Sen. DeMint: Republicans Have a Shot in 2012

South Carolina senator on GOP candidates, Wall Street protests


This is a rush transcript from "Your World," October 19, 2011. This copy may not be in its final form and may be updated.

NEIL CAVUTO, HOST OF “YOUR WORLD”: All right, in the meantime, we told you how all of these hot shot jobs and high-paying jobs are not at the corner of Wall and Broad. They're down in Washington in this fellow's neck of the woods.

And he wants to bring that to a lot of protesters' attention right now, South Carolina Republican Senator Jim DeMint.

Senator, what do you think of this here? Because that flies in the face of all this conventional thinking that, well, it is all the fat cats on Wall Street. Apparently they are about 200 miles south.

SEN. JIM DEMINT, R-S.C.: Well, the occupiers, Neil, are protesting in the wrong place.

There is plenty of greed on Wall Street, but the problem originates here in Washington. As we become bigger and bigger as a government, as we plan and manage more of our economy, the salaries and the jobs are now in government. And Harry Reid has tried to say the problem is not in the private sector, the problem is losing government jobs. It is completely the opposite.

CAVUTO: I didn't understand something. I heard talk about that. And my producer was telling me, yes, Neil, Harry Reid really said it. And lo and behold, she dug up the remarks. This is from Harry Reid on that very point. Then I want you to explain this a little more. Harry Reid today.


SEN. HARRY REID, D-NEV., MAJORITY LEADER: It's very clear that private sector jobs have been doing just fine. It is the public sector jobs where we have lost huge numbers. And that is what this legislation is all about.


CAVUTO: Private sector jobs are just fine. We lost 2.5 million of them net-net over the last couple of years.

DEMINT: We have. We have lost millions of jobs. And the president's stimulus plan, all it did, Neil, as you know, is prop up government jobs at the state level temporarily for a couple of years and now they want more money to prop up the same government jobs for another year or two, but they want to add taxes.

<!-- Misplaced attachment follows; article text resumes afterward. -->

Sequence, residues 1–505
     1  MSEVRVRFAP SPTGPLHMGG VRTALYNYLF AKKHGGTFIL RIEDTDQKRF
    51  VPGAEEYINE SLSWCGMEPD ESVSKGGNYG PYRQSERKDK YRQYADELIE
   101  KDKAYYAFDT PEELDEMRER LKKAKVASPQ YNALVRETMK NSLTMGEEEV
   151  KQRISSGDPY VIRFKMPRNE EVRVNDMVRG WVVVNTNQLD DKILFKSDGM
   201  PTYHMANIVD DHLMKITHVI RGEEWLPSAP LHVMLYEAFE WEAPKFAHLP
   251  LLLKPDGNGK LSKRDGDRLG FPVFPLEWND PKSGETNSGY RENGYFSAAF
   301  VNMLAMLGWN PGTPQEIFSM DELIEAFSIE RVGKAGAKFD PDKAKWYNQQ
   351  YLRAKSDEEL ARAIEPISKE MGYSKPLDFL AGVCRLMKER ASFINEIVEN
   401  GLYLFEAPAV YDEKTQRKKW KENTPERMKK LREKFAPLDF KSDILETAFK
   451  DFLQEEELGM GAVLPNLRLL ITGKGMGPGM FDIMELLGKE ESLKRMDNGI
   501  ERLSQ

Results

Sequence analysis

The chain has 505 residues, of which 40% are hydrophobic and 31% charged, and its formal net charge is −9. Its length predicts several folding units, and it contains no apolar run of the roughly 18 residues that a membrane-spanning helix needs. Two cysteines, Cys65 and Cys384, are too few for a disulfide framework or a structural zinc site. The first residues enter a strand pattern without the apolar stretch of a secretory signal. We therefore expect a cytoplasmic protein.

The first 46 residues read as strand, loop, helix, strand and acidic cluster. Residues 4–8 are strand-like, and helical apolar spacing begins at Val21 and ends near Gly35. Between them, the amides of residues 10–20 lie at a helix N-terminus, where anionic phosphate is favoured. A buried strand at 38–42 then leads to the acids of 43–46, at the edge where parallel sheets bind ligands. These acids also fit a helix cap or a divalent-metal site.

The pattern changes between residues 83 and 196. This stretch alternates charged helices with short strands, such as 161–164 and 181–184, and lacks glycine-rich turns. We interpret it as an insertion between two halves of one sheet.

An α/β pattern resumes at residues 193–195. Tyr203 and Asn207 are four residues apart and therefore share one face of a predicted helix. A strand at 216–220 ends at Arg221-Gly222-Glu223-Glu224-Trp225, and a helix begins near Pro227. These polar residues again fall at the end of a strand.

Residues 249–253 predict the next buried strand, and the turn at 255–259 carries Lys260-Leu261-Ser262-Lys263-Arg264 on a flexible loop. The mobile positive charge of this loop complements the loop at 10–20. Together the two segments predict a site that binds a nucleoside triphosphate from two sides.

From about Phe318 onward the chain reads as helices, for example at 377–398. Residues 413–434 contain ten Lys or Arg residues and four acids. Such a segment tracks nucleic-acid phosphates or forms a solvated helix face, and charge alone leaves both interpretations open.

So, they just don't understand what is going on. And it is very frustrating to be here and see the president talking about a jobs plan which is really a tax-and-spend plan, which didn't work the first time and it, is not going to work this time.

CAVUTO: We did try to get some of the leadership of this Democratic council that is trying to urge Democrats to embrace for want of a better term, Senator, this Occupy Wall Street crowd's message and movement.

But you are a good student of history and you know on either side that can be sort of grabbing that proverbial tiger by the tail. You might just end up inside the tiger. But what do you make of that? Because I have met some of these protesters. I don't think they flip over all Democrats either.

DEMINT: Well, citizen activism is good, but our citizens need to be informed. And what we are seeing here is folks who, really, are misdirected. They don't have a focus and they are unhappy and they want to blame someone. And the president is telling them through his class warfare that they should blame the capitalists.

This has been repeated throughout history. The problem is in a government that is too big, spending too much money, and put a big wet blanket on our whole economy, and if these protesters want to help us, if they want to have jobs, they need to change the president, they need to change the Senate, and we need to let the private sector create the jobs.

CAVUTO: Senator, let me ask while I have you, Senator. Everyone wants your blessing. You are sort of like the Senate's version of Donald Trump. Everyone wants to kiss the ring and get some sort of support or at least a photo with you.